Brisbane IT solution provider Tech Project has pulled itself out of administration after creditors approved the director's deed of company arrangement (DOCA).
Creditors have accepted an arrangement where the directors will pay back $375,000, which works out to be 11-15 cents in the dollar, according to a report to creditors. Tech Project's claimed debts amounted to $2.8 million, including $1 million owed to the Australian Taxation Office.
The company was placed in voluntary administration in May citing cash flow problems. Last month, administrator Darren Vardy told CRN that Tech Project's rapid growth led to constrained liquidity, compounded with pressure from creditors.
There is also a claim from a related entity, Tech Project Holdings, to the tune of $1.6 million. However, the administrators said that records showed the amount is only $81,000, and further investigation is required.
“The company has grown significantly over the past four years since its foundation, having a sizable client footprint in Brisbane, Queensland as a managed services provider,” Vardy said previously.
“The company’s rapid growth has led to constrained liquidity and as a result of creditor pressure, the company entered into voluntary administration by resolution of its directors to complete a restructure."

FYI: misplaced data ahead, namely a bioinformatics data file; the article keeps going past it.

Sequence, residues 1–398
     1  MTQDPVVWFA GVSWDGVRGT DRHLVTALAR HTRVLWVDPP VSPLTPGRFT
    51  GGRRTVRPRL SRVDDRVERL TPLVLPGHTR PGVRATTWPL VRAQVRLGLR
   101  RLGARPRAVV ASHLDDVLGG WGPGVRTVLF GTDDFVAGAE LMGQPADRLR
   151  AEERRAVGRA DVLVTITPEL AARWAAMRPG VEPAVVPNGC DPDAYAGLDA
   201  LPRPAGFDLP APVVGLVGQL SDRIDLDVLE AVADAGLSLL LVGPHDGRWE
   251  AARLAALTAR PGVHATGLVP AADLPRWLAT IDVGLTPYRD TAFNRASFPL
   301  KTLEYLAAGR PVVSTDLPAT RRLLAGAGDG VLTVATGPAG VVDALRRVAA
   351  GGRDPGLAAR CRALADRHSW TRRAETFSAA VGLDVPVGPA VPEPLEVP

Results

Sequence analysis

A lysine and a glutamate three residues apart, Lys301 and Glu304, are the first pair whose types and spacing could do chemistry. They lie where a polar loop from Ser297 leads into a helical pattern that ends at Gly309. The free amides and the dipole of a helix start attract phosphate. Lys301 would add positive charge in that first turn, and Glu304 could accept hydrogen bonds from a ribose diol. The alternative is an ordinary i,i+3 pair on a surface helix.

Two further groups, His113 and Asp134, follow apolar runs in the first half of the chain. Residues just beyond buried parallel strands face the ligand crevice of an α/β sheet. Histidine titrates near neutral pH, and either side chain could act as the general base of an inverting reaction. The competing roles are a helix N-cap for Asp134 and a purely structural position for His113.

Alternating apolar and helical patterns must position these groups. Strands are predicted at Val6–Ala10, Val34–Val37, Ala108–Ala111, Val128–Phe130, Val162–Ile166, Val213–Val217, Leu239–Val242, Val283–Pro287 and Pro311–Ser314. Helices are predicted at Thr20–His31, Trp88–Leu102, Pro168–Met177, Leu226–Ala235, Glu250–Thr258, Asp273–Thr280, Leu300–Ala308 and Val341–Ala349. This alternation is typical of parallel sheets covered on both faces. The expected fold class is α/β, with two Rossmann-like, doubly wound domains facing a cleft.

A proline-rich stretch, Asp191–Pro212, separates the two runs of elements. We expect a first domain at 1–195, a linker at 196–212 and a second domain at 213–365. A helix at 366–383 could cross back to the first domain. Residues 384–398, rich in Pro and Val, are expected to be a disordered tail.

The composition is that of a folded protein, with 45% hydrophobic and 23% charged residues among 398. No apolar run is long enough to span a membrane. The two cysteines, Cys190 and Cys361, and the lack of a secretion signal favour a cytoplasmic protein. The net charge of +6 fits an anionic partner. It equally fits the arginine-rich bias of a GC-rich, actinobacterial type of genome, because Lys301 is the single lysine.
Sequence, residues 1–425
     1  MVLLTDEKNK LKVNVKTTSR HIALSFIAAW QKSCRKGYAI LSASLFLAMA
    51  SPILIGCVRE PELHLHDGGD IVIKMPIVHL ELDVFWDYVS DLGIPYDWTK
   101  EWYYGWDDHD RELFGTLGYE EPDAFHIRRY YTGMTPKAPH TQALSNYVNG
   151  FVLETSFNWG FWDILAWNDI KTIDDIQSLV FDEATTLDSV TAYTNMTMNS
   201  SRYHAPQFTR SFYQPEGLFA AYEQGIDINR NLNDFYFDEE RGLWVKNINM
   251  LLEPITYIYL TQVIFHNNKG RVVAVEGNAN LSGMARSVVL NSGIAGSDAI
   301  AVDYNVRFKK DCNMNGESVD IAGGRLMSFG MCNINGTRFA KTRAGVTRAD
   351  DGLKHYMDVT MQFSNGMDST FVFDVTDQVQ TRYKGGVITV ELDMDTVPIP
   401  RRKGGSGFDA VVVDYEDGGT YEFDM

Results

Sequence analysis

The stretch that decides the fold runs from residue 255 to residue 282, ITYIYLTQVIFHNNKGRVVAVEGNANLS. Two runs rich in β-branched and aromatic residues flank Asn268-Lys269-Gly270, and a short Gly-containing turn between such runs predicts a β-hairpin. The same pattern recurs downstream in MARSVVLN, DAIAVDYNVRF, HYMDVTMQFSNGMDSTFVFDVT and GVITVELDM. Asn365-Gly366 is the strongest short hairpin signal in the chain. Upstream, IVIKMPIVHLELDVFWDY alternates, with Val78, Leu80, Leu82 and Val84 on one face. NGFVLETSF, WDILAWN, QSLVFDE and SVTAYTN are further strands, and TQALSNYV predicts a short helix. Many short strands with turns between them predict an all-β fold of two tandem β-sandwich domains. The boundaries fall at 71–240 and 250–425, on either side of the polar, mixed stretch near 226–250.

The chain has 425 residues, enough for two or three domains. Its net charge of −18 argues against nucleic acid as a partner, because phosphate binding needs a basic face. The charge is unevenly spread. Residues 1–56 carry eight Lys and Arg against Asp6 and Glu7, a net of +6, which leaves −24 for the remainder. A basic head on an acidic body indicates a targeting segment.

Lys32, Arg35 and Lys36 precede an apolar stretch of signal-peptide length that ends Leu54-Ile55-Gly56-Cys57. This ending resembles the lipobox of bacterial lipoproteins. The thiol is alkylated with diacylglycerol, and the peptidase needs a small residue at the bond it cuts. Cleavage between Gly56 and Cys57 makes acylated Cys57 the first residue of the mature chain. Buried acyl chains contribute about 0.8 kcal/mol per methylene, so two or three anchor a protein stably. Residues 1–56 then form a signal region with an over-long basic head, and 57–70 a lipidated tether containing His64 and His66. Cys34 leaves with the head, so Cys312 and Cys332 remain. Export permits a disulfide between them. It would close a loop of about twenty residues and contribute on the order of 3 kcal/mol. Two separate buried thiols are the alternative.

A DOCA was agreed upon by creditors in order to keep the business running and increase the likelihood of a return to creditors.
Under the arrangement, control of Tech Project will be handed back to its directors, who will make monthly payments of $25,000 to the sum of $300,000. They will pay an additional $75,000 on top of that to cover the trading losses incurred during the administration.
If payments aren't made on time, creditors can vote on whether to vary or terminate the arrangement. The directors are also barred from winding up the company, and must take steps to avoid doing so.
Tech Project was founded in 2012 and offers IT services to SMB customers including managed services and cloud.